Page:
by Barbara Poelle
Maybe you can help me with something. And by something I mean preventing my husband from throwing either himself or me from the George Washington Bridge. Here’s the deal: I am not what you’d call “fashionable” or maybe even “pulled together” or perhaps “bathed”.
I don’t have time for such frivolities.
But what I do have is this habit of winding a lock of hair around my index finger as I read. And perhaps as you might imagine, in my job, I read from time to time. But sometimes, much to my chagrin, my hair is pulled back with a hair elastic and I cannot get at that favored strand. In order to release the mane for the appropriate twistosity, I must remove the hair band and place it delicately next to me, on whatever surface is handy.
Now apparently these small, black elastic ovals peppering our lovely home create some sort of white hot anger in my life partner. I am not sure why. But I can say that, on average, once a week he will storm into whatever room I am in and go very quickly and very passionately through the seven stages of grief while clutching one of these elastics. It is a truly fascinating thing to behold. I have never seen anything quite like it. Last Monday he came into the bedroom holding one at about shoulder height and kind of shook it menacingly and said, “This has GOT to stop. This has GOT to stop.” And then proceeded to both inflate with defiance and wilt in defeat all at once.
It was almost beautiful.
So in my infinite wisdom (oh, it is infinite) I said to him: “If I died, you would be so touched every time you found one of those”.
He was, uh, nonplussed, to say the least.
(OMG, I have NO IDEA what nonplussed means, I have just always wanted to say the phrase, “He was nonplussed, to say the least”. That was so awesome, it felt like I was getting away with something, like buying $.25 worth of Laffy Taffy with a quarter I found on the ground outside of Super America.)
Anyway, despite the nonplussing, it got us talking about quirks, and I realized that quirks are the traits that make characters. And the more individual the quirks are, the more solid the character. They can be as clearly stated as Adrian Monk, or as subtle as Miss Marple. I mean, who doesn’t love the fact that Indiana Jones is afraid of snakes or that Arnold Drummond needs clarification on Willis’s thought processes? That is what makes them characters.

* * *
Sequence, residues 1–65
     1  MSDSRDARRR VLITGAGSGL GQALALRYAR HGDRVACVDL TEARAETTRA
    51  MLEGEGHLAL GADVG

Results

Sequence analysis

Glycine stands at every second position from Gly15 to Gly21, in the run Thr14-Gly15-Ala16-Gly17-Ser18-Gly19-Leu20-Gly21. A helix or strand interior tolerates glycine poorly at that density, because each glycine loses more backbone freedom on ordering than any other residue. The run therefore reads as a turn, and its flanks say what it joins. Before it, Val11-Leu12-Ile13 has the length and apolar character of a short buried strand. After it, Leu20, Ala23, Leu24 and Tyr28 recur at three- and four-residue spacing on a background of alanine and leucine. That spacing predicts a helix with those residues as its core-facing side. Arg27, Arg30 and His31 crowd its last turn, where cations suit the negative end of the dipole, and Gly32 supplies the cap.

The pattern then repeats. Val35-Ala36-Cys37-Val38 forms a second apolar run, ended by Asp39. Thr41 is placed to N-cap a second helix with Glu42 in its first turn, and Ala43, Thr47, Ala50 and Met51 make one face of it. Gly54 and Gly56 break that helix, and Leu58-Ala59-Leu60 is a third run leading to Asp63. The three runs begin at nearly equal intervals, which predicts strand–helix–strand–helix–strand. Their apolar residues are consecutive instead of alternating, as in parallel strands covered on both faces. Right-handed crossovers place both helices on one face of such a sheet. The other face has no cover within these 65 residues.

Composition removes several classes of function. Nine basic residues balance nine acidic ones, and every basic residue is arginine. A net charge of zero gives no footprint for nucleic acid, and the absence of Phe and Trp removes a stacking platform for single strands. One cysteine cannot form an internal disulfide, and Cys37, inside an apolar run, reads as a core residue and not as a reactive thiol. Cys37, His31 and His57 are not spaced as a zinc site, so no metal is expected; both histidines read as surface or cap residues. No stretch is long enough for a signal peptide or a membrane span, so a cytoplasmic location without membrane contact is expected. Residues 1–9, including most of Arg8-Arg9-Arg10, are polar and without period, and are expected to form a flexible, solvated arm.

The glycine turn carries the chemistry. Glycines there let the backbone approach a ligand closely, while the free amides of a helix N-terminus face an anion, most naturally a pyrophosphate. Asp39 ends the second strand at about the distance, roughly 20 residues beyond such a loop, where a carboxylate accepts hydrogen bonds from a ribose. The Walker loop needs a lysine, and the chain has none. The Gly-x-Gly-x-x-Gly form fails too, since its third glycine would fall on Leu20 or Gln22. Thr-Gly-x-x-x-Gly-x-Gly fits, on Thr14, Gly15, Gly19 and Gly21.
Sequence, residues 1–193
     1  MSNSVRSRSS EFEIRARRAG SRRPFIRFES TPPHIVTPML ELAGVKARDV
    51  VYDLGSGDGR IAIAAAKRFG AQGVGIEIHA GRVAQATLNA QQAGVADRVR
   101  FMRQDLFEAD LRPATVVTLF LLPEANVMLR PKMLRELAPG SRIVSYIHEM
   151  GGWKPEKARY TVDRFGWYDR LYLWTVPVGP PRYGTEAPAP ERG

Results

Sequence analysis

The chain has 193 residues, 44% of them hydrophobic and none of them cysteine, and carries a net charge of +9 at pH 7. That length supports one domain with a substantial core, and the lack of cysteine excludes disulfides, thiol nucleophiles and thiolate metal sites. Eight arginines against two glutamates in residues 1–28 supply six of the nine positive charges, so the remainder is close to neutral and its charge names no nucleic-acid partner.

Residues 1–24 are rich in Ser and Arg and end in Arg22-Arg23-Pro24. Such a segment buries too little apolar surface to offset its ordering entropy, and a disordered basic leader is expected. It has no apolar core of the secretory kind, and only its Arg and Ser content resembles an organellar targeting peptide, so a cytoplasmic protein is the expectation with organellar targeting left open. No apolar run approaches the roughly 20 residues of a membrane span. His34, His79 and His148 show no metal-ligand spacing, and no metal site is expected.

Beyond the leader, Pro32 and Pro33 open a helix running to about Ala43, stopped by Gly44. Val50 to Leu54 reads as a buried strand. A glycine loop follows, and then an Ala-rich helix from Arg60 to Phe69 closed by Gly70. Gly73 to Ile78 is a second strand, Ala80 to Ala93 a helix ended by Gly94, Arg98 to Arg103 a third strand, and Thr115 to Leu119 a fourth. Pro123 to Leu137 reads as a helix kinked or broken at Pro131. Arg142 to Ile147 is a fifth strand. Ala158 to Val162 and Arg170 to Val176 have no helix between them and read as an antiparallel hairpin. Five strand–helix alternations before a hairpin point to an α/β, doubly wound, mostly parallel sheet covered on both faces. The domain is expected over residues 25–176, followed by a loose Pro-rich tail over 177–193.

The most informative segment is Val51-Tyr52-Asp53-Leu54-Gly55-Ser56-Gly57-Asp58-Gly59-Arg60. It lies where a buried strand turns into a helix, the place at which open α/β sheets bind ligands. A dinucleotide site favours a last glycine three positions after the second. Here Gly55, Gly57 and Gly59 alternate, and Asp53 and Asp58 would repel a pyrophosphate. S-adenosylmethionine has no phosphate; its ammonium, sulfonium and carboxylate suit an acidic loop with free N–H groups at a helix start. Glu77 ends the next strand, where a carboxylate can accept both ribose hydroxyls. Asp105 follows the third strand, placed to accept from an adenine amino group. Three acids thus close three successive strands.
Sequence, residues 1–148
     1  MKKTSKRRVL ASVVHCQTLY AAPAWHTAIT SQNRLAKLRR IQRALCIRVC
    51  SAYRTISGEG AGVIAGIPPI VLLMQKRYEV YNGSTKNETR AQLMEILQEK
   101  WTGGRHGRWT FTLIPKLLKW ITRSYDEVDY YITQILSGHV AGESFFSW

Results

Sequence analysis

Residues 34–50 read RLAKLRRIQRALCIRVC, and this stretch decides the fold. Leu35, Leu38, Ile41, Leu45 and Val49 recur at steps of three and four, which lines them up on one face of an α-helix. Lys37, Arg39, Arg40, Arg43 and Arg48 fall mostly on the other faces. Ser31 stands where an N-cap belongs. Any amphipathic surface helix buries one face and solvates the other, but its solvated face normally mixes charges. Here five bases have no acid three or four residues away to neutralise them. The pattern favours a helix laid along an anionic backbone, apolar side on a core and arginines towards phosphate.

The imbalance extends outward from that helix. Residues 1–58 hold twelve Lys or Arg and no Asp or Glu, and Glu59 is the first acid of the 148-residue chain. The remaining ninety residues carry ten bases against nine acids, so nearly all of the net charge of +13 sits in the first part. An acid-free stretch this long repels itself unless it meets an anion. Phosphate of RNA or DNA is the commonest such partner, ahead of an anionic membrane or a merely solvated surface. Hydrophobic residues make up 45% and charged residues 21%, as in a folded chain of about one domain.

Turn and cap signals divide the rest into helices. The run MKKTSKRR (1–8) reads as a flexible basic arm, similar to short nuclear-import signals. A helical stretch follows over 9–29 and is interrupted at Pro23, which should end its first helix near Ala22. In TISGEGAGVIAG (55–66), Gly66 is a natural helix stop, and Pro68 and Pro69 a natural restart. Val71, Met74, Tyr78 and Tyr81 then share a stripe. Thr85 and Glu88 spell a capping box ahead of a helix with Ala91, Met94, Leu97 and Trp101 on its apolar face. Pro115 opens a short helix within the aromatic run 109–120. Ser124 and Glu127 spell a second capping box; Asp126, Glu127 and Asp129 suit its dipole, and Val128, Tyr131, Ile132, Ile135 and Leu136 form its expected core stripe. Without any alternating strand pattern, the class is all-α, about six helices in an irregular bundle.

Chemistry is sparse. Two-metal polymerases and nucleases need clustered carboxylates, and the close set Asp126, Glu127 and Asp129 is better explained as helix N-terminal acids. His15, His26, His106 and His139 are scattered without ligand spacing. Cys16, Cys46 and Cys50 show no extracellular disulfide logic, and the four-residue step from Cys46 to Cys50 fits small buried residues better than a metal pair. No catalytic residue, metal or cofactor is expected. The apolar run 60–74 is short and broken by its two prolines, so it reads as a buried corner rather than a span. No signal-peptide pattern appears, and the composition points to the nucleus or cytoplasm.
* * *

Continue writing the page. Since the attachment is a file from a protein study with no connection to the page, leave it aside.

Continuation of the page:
There is plenty of opportunity for us to steal from everyday life to enhance fictional characters and give them layers. Take for instance my sister (please). This is a woman who got ALL of the looks and ALL of the brains, but when she is reading something and really contemplating it, she drums her fingernails on her front teeth. Holy Christmas and the Easter Bunny, have you ever heard a woman drum her fingers on her front teeth for the length of Stephen King’s IT? No, no you haven’t. Because we would have met in the support group. But what an awesome trait to give a character. (That is the second “awesome” this blog. Third time’s a spanking.) Then I started thinking about how when we all used to sit down to watch a family movie together my dad would pull his socks off to the point where they just covered his toes and how my mom loves shoe string potatoes to the point where I think she may have killed a man in Reno just to take his fries. (That is the single funniest thing I have ever said. I can’t stop laughing.)
And Husband, don’t even GET me started on Husband, he has this obsession with post-its. This is a man who owns two palm pilots, a calendar and an iphone, and still, he covers every surface, both horizontal and vertical, with notes to himself. (Sometimes I add, uuhh, shall we say, some “blue” to-dos. Really funny when he sees them on the ‘fridge. Really horrifying when Holly Root does.)
About a year ago, I asked one of my authors who was struggling with book 2 to write down 20 character traits about their protagonist that may or may not be clearly stated in the work. The most amazing things appeared on this list that then allowed the author to understand the whys and hows of their character’s motivations. I am not going to share the exact discoveries, because then I would be no better than that dude in the weird mask who exposes magic’s secrets, but I will tweak them a bit to demonstrate:
[character] is afraid of frogs
[character] always has some shade of the color red on , toenail polish, underwear, etc
[character] has never had a relationship last for longer than 6 months
Do you see what you can pull from that? Now imagine 20 of those. You can shake open the fiercest fist of writer’s block with 20 traits, because you can write a short story on just the underwear and the frogs and the 6 month relationships (that just described every year of college for me) so you can open any chapter with that.
Nobody wants to read plots. Everybody wants to read characters. So make them readable. Make them interesting. Make them secretly cut out pictures of dogs in clothes, make them afraid of ice cubes, make them murmur the lyrics to “Baby Got Back” when nervous. Or best of all, make them leave their hair binders peppered around the house and make their Husbands love them more, not less, because of it.
(uhh, do you think that worked? I hope so, because I need to read this proposal and my hair is tied back…..)